(8.) Raju K. Evolution of Pap Stain. Biomedical Research and Therapy 2016; 3(2): 490-500. [CrossRef]

(9.) Nayar R. Wilbur D. The Pap Test and Bethesda 2014. Acta Cytologica 2015; 59: 121-32. [CrossRef]

Lepa Bogdanovska [iD], Nevenka Velickova [iD]

Cite this article as: Bogdanovska L, Velickova N. The Usefulness of Papanicolaou Test in the Cytomorphological Evaluation of Squamous Cell Abnormalities of the Cervix. Erciyes Med J 2019; 41(1): 96-8.

Faculty of Medical Sciences, University "Goce Delcev", Stip, R. Macedonia

Submitted 08.11.2018

Accepted 17.12.2018

Available Online Date 08.01.2019

Correspondence Nevenka Velickova, Faculty of Medical Sciences, University "Goce Delcev" Stip, R. Macedonia Phone: +38932 550 436 e.mail:

DOI: 10.14744/etd.2018.18168
Table 1. Categorization of cases according to the results of cervical
cytology using a PAP test from January (I) to December (XII)

                I     II     III    IV     V      VI     VII    VIII

Negative        520   1155   1150   1138   1213   1087   1208   1255
ASC-US           11      4      4      5      8      8      6      5
ASC-H             1      1      1      1      9      5      2      5
HPV               1      4      0      3      3      1      2      3
CIN 1 (LGSIL)     1      3      1      5      4      1      0      1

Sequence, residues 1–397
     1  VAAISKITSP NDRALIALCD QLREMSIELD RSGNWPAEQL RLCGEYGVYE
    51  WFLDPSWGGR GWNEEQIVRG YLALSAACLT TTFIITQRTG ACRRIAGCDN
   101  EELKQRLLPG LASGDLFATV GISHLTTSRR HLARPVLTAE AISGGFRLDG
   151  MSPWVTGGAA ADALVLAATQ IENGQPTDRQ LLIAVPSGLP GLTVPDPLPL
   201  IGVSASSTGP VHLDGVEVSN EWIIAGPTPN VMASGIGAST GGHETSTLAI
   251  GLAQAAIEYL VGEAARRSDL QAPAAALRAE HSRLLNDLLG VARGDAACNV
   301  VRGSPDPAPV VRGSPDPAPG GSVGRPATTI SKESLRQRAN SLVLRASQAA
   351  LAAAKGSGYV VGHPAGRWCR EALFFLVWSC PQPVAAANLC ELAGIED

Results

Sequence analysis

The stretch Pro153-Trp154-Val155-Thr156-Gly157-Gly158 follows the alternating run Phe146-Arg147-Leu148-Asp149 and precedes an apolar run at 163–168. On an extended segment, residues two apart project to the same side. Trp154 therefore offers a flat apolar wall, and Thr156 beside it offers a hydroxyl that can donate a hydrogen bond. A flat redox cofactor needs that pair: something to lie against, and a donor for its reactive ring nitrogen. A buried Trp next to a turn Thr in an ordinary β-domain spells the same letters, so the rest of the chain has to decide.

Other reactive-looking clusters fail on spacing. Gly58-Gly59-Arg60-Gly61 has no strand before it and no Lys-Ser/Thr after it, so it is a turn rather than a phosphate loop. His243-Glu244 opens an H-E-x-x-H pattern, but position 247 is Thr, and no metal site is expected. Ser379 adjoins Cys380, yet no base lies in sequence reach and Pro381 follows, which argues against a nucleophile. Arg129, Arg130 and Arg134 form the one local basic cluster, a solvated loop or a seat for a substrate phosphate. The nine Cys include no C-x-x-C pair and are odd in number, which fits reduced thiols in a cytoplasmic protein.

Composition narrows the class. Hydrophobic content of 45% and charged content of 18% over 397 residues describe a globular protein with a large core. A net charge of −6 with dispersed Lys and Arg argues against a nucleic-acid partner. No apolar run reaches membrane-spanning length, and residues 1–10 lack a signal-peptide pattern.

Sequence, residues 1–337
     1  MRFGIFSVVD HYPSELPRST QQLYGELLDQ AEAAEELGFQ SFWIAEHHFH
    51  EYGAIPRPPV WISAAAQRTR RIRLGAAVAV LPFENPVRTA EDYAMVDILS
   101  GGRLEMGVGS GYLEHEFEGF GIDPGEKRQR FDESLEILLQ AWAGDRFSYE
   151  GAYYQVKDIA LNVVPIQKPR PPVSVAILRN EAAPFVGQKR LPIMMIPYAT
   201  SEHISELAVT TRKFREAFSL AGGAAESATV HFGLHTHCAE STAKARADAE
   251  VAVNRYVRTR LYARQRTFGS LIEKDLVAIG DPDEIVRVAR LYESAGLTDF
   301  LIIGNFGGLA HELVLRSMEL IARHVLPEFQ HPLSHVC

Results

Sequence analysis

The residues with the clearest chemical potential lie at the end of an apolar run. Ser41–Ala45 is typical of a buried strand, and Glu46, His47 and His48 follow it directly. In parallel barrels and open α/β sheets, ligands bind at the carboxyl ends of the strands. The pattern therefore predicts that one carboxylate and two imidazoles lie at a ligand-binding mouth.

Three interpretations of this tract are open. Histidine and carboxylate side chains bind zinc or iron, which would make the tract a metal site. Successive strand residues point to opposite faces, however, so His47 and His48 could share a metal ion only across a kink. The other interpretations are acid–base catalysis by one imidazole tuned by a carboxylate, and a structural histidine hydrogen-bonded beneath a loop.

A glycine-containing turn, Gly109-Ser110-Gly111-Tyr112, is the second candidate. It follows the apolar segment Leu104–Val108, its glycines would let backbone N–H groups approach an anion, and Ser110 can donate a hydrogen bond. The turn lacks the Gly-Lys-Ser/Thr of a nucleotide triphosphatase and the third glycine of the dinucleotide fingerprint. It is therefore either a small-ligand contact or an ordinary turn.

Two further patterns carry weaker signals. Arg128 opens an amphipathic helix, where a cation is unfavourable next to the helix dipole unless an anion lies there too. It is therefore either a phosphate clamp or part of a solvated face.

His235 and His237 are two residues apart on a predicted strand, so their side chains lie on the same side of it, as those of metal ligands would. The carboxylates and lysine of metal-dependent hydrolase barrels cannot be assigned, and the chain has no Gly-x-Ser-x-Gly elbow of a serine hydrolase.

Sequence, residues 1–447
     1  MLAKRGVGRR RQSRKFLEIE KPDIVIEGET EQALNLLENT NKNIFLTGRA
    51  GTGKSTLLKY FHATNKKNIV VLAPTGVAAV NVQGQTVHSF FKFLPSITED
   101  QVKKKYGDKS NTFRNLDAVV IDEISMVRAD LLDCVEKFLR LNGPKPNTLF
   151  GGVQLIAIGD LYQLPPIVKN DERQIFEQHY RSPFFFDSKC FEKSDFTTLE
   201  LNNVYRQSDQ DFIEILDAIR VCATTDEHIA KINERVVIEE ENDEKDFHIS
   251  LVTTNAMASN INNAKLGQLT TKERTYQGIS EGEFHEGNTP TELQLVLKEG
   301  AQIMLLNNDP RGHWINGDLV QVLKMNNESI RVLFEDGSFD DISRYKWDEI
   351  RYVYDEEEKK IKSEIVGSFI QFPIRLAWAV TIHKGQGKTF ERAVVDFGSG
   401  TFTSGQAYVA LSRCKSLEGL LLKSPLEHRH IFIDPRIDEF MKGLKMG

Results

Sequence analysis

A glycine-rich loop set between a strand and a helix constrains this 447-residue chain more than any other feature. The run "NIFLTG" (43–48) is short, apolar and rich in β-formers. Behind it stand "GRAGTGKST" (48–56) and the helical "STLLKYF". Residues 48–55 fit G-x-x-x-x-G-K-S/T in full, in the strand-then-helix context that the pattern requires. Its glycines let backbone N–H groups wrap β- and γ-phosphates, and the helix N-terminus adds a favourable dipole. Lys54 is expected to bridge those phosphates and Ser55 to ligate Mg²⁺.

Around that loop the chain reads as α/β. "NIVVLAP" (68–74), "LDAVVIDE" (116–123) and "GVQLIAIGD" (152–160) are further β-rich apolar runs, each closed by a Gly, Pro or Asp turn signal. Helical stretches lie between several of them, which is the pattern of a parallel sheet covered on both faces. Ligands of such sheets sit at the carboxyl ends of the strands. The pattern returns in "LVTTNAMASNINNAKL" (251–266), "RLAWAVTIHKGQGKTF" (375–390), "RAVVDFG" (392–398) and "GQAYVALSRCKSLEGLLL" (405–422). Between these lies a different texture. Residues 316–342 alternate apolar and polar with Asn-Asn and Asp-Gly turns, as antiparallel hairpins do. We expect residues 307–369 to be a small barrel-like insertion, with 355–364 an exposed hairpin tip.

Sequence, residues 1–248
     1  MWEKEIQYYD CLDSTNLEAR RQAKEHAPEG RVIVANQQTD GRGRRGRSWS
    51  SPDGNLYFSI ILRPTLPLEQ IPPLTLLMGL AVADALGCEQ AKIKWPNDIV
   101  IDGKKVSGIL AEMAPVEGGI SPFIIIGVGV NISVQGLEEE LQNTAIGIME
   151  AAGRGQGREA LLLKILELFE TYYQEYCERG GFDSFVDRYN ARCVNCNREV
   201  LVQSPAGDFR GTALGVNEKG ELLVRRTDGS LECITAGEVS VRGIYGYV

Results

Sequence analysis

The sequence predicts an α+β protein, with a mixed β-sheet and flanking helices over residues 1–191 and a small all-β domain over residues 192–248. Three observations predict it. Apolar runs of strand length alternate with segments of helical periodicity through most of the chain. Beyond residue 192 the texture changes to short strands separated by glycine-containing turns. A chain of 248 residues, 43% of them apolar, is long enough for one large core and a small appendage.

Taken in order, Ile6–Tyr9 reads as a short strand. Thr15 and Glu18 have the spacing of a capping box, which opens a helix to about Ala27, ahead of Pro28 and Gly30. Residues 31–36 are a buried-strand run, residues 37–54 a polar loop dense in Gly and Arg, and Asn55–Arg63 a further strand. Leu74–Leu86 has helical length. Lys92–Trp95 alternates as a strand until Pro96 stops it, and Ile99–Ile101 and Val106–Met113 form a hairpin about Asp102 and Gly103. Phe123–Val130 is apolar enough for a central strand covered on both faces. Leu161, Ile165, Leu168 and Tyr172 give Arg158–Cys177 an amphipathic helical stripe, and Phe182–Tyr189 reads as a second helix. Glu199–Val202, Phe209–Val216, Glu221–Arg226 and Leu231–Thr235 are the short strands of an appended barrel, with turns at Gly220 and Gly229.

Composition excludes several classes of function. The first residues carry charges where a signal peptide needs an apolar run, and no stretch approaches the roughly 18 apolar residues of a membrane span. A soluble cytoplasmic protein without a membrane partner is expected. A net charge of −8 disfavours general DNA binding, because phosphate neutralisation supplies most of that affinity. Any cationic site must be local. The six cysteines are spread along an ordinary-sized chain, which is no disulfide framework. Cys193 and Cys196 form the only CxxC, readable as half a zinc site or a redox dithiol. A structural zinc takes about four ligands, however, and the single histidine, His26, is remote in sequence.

CIN 2 (LGSIL)     1      1      2      0      0      0      1      2
CIN 3 (HGSIL)     0      3      0      0      0      0      0      0
AGC              11      8      3      9     22     25      6     24
Abnormalities    26     24     11     23     46     40     17     40

                IX     X      XI     XII    SUM

Negative        1660   2054   2255   1499   16194 (96%)
Positive                                      596 (4%)
ASC-US             5      9      5      2      72 (12%)
ASC-H              1      3      5      2      36 (6%)
HPV                2      0      1      6      26 (4%)
CIN 1 (LGSIL)      2      4      4      1      27 (5%)
CIN 2 (LGSIL)      0      0      3      3      13 (2%)
CIN 3 (HGSIL)      1      1      0      0       5 (1%)
AGC                8      2      0      1     119 (20%)
Abnormalities     19     19     18     15     298 (50%)
SUM                                         16790

PAP: Papanicolaou test (abbreviated as Pap test); ASC-US: Atypical
squamous cells of undetermined significance; ASC-H: Atypical squamous
cells cannot rule out high-grade squamous intra-epithelial lesion: HPV:
Human papillomavirus; CIN: Cervical intraepithelial neoplasia; LGSIL:
Low-grade squamous intraepithelial lesion; HGSIL: High-grade squamous
intraepithelial lesion; AGC: Atypical glandular cells; SUM:
Summation/in mathematics
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Title Annotation:BRIEF REPORT
Author:Bogdanovska, Lepa; Velickova, Nevenka
Publication:Erciyes Medical Journal
Article Type:Report
Date:Mar 1, 2019